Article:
Whether or not a solid can emit light, for instance as a light-emitting diode (LED), depends on the energy levels of the electrons in its crystalline lattice. An international team of researchers led by University of Oldenburg physicists Dr. Hangyong Shan and Prof. Dr. Christian Schneider has succeeded in manipulating the energy levels in an ultra-thin sample of the semiconductor tungsten diselenide in such a way that this material, which normally has a low luminescence yield, began to glow.
According to the researchers, their findings constitute a first step toward controlling the properties of matter through light fields. “The idea has been discussed for years, but had not yet been convincingly implemented,” said Schneider. The light effect could be used to optimize the optical properties of semiconductors and thus contribute to the development of innovative LEDs, solar cells, optical components, and other applications. In particular the optical properties of organic semiconductor plastics with semiconducting properties that are used in flexible displays and solar cells or as sensors in textiles—could be enhanced in this way.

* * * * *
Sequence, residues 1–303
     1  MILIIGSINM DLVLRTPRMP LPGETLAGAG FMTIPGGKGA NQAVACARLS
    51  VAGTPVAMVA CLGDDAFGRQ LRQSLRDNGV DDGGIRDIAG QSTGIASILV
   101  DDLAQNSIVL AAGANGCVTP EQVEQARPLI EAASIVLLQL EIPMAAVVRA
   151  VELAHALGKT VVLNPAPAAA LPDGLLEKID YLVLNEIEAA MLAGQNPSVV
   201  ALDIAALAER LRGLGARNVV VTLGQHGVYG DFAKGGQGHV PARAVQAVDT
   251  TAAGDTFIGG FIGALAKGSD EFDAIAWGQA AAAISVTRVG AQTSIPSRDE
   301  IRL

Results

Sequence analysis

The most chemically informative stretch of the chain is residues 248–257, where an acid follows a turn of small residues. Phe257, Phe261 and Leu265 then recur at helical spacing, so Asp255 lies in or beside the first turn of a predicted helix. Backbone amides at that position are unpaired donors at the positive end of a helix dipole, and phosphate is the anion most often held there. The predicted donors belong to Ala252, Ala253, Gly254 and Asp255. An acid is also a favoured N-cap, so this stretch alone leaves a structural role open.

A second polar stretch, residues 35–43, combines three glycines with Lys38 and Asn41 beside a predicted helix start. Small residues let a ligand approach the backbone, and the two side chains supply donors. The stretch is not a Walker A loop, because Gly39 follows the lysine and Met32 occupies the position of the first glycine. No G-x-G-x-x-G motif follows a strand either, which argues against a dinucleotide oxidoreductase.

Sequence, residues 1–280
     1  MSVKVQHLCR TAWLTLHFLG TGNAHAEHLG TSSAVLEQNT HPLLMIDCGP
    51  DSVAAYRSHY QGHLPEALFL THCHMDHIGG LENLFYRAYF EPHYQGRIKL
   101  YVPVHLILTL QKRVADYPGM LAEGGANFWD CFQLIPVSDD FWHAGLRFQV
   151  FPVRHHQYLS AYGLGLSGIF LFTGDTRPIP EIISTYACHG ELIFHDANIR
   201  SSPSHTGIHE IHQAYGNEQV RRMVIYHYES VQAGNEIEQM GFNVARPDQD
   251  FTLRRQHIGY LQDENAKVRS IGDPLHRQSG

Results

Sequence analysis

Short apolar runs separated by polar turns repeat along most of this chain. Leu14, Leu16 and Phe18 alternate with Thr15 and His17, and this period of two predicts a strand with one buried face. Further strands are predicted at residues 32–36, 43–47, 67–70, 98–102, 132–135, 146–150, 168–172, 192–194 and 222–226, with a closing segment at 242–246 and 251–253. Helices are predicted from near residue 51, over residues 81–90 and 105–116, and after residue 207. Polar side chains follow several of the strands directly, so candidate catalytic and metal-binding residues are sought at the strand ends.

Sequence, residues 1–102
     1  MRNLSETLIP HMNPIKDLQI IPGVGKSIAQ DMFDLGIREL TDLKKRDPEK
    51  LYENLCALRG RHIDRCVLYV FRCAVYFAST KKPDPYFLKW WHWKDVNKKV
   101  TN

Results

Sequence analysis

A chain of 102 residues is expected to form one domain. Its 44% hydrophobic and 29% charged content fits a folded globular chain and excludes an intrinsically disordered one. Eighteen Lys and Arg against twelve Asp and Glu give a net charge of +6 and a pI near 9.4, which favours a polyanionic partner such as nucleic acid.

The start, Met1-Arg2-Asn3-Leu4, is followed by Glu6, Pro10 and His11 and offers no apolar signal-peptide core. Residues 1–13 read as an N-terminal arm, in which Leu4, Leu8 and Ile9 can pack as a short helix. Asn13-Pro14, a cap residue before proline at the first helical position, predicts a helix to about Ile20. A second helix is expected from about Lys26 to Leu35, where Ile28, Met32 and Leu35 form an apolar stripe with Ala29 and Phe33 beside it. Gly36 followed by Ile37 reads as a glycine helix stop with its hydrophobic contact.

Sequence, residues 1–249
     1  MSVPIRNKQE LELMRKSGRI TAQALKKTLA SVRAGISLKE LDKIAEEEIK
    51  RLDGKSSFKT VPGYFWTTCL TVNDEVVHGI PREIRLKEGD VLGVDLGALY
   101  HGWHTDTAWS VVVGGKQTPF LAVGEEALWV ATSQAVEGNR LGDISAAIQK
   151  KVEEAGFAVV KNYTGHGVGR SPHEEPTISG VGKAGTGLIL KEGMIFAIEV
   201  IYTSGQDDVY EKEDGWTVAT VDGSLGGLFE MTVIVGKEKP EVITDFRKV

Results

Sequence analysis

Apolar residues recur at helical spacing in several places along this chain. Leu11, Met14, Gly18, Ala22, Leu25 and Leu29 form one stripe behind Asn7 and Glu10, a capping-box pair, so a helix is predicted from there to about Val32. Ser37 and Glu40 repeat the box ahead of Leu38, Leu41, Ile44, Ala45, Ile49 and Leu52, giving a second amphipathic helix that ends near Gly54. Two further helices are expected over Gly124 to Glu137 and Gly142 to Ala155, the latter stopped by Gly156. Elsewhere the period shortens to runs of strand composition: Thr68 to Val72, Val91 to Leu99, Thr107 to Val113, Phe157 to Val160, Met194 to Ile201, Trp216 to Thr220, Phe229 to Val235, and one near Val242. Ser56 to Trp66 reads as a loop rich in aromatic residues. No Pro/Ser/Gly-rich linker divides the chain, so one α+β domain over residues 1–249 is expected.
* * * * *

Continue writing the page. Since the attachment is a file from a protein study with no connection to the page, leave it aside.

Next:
Tungsten diselenide belongs to an unusual class of semiconductors consisting of a transition metal and one of the three elements sulfur, selenium, or tellurium. For their experiments, the researchers used a sample that consisted of a single crystalline layer of tungsten and selenium atoms with a sandwich-like structure. In physics, such materials, which are only a few atoms thick, are also known as two-dimensional (2D) materials. They often have unusual properties because the charge carriers they contain behave in a completely different manner to those in thicker solids and are sometimes referred to as “quantum materials.”
The team led by Shan and Schneider placed the tungsten diselenide sample between two specially prepared mirrors and used a laser to excite the material. With this method, they were able to create a coupling between light particles (photons) and excited electrons. “In our study, we demonstrate that via this coupling the structure of the electronic transitions can be rearranged such that a dark material effectively behaves like a bright one,” Schneider explained. “The effect in our experiment is so strong that the lower state of tungsten diselenide becomes optically active.” The team was also able to show that the experimental results matched the predictions of a theoretical model to a high degree.